Monday, January 14, 2008

More Good News! (Depending on your positions)

Citigroup is learning a small lesson in operating in different economies internationally, with an emphasis on command economies. The Chinese government, according to the English reporting from Reuters, is sticking its fingers in the pie, so to speak, and putting the brakes on any capital infusion from China Development Bank (CHDB). According to this report (Chinese, 中文) from, the Deputy Chairman of the PRC's Ministry of Finance, Li Yong (李勇) indicated that he was not previously informed of the deal, but that it would be decided upon in the same manner as similar investments. On Sunday, Mr. Yong admitted that he had no understanding of the situation surrounding this type of investment, but that China Investment Corp. (中文) should not meddle in the business decision-making of the CHDB. This signal from the Finance Ministry will probably mean that the deal will be delayed slightly, pending further developments. As of publishing Citigroup was down and trading very actively. Oh, and the Mighty "C" is looking to save $10 billion in cash, lay off about 20,000 workers, and make $24 billion more in writedowns!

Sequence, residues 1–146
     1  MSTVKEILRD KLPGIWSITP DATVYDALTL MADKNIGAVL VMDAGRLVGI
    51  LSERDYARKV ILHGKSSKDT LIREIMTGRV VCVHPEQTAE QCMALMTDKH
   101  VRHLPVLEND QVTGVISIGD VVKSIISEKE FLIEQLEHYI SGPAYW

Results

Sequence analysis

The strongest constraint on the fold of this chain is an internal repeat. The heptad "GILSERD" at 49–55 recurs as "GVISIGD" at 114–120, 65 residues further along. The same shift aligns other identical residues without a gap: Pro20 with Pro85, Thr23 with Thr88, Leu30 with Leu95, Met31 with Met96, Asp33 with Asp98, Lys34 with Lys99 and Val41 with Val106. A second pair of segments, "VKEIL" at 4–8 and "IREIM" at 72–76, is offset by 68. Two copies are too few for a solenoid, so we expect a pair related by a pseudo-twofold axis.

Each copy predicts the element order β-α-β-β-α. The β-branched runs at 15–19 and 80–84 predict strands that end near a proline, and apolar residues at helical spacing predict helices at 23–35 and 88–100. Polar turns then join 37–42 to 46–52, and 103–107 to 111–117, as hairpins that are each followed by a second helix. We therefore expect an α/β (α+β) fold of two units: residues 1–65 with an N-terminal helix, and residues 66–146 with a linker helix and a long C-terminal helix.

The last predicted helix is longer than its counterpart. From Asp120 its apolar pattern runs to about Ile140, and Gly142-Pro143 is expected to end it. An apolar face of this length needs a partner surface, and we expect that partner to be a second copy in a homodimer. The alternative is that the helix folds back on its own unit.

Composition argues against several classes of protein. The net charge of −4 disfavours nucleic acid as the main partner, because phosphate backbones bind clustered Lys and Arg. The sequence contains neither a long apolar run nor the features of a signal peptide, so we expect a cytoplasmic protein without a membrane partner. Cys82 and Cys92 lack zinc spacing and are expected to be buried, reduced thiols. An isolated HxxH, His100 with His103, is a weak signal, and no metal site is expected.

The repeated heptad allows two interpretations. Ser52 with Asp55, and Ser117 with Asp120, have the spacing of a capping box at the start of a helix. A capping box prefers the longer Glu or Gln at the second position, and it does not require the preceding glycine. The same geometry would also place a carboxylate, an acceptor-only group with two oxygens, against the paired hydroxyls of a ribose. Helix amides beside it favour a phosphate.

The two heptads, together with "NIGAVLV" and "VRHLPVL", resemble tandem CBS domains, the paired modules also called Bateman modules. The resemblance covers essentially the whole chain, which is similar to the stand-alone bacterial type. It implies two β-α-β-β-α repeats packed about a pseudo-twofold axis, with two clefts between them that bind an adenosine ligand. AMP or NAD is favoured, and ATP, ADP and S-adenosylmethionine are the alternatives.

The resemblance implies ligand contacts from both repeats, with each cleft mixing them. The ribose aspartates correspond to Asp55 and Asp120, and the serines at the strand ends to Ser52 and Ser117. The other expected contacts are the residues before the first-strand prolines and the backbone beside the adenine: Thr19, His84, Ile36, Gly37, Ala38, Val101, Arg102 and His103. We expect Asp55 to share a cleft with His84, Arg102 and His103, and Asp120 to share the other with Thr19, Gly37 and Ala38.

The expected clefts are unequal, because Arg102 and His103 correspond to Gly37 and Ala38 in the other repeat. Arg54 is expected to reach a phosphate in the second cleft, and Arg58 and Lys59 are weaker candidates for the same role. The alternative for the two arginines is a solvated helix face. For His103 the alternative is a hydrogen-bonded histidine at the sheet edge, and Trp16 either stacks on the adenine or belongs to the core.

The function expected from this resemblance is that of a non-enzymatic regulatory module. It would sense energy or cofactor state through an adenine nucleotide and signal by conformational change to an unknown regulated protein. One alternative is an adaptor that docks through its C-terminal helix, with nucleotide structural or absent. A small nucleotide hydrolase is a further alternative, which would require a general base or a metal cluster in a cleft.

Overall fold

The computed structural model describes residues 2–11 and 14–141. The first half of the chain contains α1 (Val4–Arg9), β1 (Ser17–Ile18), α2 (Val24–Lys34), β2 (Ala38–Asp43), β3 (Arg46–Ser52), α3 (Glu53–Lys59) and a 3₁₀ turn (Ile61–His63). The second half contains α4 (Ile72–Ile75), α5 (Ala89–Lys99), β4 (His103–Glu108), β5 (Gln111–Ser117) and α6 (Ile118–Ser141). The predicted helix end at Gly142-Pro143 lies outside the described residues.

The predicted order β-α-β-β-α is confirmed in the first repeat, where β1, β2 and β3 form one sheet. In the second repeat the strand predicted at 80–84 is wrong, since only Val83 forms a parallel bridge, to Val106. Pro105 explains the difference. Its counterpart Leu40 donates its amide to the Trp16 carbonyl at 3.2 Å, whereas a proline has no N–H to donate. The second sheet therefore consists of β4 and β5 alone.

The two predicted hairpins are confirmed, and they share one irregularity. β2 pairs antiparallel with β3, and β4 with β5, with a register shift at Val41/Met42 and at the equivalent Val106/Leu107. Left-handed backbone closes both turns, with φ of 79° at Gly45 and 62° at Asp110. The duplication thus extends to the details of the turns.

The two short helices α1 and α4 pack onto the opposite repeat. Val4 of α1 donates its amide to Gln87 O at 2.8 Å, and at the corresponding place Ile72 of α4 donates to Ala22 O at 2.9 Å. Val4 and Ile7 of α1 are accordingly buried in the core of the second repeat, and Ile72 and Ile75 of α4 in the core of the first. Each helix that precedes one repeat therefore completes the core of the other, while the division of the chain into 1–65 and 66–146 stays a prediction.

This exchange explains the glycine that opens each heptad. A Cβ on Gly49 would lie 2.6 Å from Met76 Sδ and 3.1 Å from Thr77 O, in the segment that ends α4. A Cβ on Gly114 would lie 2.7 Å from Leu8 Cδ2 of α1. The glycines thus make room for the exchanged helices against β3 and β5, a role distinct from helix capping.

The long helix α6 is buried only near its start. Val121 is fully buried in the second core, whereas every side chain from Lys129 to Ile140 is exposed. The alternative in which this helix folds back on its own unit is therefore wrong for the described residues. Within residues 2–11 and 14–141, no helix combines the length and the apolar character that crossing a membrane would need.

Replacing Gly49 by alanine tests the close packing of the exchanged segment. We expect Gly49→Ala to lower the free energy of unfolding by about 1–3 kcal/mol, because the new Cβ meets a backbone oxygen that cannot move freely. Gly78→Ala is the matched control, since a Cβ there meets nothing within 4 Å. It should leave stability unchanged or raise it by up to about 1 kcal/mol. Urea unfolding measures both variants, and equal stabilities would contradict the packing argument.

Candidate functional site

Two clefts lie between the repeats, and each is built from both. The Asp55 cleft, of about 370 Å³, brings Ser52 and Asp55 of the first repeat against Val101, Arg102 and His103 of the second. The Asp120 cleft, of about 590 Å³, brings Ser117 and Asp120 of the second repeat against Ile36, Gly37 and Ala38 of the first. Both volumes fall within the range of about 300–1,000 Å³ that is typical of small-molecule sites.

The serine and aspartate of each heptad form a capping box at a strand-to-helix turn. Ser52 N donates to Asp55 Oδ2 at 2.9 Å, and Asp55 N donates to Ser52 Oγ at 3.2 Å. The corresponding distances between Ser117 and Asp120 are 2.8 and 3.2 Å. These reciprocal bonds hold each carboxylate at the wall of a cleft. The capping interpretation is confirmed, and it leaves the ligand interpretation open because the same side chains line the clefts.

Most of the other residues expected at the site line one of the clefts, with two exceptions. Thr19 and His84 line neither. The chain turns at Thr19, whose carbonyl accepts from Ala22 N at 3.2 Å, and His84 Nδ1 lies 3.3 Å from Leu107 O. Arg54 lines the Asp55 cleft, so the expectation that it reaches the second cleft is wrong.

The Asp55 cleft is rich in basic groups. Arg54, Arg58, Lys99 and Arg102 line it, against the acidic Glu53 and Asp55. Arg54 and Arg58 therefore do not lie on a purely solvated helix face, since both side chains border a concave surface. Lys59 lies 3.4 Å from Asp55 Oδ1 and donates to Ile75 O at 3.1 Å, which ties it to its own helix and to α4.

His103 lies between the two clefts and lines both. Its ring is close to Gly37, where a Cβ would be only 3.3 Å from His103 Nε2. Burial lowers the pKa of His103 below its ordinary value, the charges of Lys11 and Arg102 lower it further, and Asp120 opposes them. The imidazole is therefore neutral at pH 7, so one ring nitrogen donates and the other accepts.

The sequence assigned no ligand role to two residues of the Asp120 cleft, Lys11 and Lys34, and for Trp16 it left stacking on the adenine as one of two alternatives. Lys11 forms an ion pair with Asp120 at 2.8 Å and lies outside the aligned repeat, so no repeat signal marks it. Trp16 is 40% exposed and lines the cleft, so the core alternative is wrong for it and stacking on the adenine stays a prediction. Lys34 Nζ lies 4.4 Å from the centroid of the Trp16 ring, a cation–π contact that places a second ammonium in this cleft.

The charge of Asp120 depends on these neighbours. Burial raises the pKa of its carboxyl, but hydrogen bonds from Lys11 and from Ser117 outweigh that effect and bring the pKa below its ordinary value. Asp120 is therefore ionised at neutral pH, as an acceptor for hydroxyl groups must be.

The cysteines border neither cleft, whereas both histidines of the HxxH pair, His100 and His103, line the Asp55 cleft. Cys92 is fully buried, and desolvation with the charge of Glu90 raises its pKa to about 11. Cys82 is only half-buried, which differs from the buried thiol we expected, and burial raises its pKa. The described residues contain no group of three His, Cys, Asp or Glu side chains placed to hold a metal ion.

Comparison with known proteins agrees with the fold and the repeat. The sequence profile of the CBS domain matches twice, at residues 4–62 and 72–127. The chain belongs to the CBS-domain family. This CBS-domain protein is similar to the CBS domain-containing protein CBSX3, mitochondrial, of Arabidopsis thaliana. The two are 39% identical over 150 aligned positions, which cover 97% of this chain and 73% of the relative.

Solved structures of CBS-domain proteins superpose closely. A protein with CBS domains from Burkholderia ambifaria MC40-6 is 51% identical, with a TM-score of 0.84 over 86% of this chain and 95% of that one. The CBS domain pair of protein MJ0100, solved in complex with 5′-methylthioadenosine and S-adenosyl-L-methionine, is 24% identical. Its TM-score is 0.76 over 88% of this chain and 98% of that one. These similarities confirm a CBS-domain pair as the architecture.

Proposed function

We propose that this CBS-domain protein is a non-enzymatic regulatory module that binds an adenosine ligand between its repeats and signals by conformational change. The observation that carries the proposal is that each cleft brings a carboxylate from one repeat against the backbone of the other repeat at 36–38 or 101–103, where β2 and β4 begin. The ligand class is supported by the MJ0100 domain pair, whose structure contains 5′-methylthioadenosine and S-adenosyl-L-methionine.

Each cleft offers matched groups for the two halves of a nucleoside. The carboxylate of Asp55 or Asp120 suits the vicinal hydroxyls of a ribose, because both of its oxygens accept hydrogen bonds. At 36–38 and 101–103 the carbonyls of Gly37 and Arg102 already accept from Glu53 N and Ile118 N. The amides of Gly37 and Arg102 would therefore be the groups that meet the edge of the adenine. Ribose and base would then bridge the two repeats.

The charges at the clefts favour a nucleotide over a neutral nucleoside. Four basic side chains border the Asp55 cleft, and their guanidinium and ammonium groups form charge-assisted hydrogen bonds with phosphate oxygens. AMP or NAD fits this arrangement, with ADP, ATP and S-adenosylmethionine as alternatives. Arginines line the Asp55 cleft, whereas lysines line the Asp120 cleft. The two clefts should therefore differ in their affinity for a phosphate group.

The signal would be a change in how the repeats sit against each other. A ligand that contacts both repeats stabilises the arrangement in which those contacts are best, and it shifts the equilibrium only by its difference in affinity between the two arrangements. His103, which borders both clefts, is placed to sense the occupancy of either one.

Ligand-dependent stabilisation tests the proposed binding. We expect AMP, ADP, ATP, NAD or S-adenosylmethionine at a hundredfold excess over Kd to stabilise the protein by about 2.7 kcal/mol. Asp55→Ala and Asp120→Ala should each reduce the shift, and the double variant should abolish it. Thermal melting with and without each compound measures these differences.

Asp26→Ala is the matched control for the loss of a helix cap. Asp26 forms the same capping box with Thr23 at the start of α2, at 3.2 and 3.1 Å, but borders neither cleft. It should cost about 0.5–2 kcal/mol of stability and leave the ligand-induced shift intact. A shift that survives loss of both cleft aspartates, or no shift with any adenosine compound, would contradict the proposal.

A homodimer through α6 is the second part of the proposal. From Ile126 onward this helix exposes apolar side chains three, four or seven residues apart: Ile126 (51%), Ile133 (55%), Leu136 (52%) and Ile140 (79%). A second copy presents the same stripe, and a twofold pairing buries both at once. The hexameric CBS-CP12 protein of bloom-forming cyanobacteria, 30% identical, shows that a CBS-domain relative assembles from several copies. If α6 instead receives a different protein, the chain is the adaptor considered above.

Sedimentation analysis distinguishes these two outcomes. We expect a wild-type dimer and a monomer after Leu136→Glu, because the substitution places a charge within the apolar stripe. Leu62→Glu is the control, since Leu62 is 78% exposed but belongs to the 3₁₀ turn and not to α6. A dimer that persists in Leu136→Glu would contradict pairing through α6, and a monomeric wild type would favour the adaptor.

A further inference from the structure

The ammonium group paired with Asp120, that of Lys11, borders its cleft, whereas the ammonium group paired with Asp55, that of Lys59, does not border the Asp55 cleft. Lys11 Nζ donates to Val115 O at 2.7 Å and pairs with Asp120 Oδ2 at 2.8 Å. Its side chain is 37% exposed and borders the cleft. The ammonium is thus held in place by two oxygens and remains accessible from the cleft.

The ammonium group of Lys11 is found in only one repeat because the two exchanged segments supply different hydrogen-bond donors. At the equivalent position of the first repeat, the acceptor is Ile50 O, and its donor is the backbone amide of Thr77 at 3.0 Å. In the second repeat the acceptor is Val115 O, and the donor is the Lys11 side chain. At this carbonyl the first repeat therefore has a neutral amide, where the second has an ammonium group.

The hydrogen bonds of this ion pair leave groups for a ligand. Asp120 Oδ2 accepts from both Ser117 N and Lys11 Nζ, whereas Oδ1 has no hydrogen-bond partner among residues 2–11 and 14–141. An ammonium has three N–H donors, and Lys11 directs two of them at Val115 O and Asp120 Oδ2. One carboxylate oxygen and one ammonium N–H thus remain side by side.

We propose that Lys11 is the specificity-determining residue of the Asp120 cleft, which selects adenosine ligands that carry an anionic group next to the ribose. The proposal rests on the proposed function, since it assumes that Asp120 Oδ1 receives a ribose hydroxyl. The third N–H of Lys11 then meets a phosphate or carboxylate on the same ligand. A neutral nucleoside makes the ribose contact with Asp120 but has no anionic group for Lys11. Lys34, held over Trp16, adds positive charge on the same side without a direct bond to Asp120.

The deal is certain to escalate the debate over whether overseas sovereign wealth funds should be allowed to take a more active role in the financial markets in the form of capital infusions. However, considering the cash-strapped situation domestically, there are few alternatives, lest large financial institutions flirt with insolvency.

Add Sears to the list of retailers who didn't have a great holiday season. How much more coal is there to go around? And what does 2008 bode?

What will the Fed decide today? Will they go for broke and announce a full point decrease in the rate to defy analysts' predictions, or will it be a, relatively conservative at this point, .5% increase? Inflation will be the key word at the meeting today, so they might be hesitant to play fast and loose with M3 growth during a recession.

Also, here is a look at the bubbly nature of the economy and why this bubble is more dangeerous this most.

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